feta cheese. Next to it, she would lay the homemade air-dried
    sausage from the pork they slaughtered at Christmas.

    It was made with orange rind, dried minty wild oregano from
    the high meadows, garlic and chunks of fine pork meat in
    aromatic spices.



    It was from the hearth room so it soaked the fragrances
    of hard wood fires, steaming soup pots and wafting fumes of
    wine that grandpa made from grapes of vineyards villages

    in the lower hills crushed into must by peasants’ bare feet -
    wine without sulfites never made to be exported but drunk -
    passed down by the gods of Mt. Olympus to the poorest farmer.

    And so it was that in the midst of the creamy feta cheese from
    the goat skin case, the fresh corn bread, the home made
    air-dried sausage and even two small glasses of watered-down

    wine, good enough for us boys of twelve, we filled our bodies
    with food blessings, and our hearts with family love. We waited
    for grandpa and uncle to come home from the fields.

    We were happy.


    Basil Rouskas
    All rights reserved

    ReplyDelete
    Replies
    1. So many memories ... I'm glad the prompts are calling them into your poems! Thanks again for sharing so much with us, Basil!

      Delete
    2. Basil,

      It seems as if your family and memories of your life in Greece provide much poetic inspiration for you. It's wonderful that you're able to channel your memories into poems. I've ordered your book from Finishing Line Press.

      Jamie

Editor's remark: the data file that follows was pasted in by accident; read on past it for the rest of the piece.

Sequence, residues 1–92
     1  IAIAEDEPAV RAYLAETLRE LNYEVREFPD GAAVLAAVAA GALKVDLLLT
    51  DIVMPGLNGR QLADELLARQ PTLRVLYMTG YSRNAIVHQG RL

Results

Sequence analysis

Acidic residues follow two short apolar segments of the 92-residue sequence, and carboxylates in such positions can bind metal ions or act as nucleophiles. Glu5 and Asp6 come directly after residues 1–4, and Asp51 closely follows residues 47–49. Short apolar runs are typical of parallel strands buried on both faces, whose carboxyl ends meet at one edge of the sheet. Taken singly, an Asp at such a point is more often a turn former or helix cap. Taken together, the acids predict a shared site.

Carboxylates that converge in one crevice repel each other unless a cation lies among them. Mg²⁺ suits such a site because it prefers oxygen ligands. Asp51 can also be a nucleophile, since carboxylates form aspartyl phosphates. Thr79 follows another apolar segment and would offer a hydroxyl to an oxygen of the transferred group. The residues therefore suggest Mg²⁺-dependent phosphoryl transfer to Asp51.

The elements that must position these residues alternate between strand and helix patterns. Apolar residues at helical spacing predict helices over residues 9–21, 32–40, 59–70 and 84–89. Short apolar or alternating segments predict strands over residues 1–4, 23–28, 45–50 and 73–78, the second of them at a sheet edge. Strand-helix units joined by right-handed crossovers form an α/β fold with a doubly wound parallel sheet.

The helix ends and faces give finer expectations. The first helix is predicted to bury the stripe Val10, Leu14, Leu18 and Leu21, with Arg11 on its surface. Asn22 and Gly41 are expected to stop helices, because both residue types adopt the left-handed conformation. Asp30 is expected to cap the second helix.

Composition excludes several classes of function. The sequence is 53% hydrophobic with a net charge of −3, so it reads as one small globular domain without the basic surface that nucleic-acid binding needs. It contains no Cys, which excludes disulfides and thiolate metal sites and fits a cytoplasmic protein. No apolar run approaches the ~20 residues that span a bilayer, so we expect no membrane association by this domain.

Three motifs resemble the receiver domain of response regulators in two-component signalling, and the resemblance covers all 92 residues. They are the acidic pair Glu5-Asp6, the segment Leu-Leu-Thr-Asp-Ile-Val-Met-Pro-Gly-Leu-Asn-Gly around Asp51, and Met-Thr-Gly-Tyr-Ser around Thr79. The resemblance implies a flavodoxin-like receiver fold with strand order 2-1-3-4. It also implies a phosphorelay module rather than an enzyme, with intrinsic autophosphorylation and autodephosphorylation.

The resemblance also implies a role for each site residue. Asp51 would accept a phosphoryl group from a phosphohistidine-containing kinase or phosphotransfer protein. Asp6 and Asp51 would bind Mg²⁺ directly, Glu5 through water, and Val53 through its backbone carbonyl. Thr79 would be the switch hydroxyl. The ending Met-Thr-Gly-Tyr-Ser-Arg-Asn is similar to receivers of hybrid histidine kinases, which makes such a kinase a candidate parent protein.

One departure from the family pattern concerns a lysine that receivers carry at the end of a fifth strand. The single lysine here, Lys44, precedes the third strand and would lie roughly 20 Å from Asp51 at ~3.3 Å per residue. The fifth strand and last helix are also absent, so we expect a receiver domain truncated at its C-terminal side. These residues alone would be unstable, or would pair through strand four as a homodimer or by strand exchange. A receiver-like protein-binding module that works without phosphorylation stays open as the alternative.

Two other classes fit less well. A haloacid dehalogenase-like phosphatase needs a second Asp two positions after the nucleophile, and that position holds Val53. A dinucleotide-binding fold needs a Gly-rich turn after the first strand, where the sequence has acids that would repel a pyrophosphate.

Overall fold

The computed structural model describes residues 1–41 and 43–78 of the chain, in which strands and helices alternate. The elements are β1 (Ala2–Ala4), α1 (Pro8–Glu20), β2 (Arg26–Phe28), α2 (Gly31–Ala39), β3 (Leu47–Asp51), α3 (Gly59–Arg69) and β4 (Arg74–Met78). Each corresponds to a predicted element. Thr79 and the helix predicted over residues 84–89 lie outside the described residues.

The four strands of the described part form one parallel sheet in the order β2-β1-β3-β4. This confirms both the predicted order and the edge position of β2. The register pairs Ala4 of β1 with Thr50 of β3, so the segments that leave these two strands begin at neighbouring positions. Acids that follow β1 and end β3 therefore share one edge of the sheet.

Delete
  47. Jamie,

    I thank you for ordering my book. I know "it is in a good home"

    Very best wishes,

    Basil

    ReplyDelete
  48. Today's prompt is MORNING


    MORNING IN SANTA MONICA

    The morning crew
    rakes the beach,

    runners synch their
    pace with I-pod beats,

    and yoga groups warm up
    on the lawns of Palisades Park.

    The homeless wake up
    on the benches of the

    3rd Avenue promenade
    and the ocean’s breath sprays

    salt on the condos over the bluffs --
    the city is coming to life.

    Today, it is certain, someone
    will have a facial at the Mall

    and somebody else
    may eat a meal in the streets.




    Basil Rouskas
    All rights reserved

    ReplyDelete
    Replies
    1. Wonderful social commentary, Basil! The contrasts are striking!

      Delete
  49. Jago - a great poem. Thanks for posting it!

    ReplyDelete
  50. Our prompt for April 22, 2012 is GRACE


    AND THE EARTH EXITS GRACEFULLY

    It looks we’ll soon be
    close to the end of our
    journey where it all began
    -in Central Africa.

    In the deep horizon
    the snow capped
    Kilimanjaro will lull
    the animals to sleep

    and there will be
    a time of prayer
    for the humans on
    on the dying planet:

    “Solemn vespers
    of confession at these
    pre-dusk hours
    when the heart is heavy

    but our spirit light
    forgive our trespasses
    we meant well.
    Amen.”


    Basil Rouskas
    All rights reserved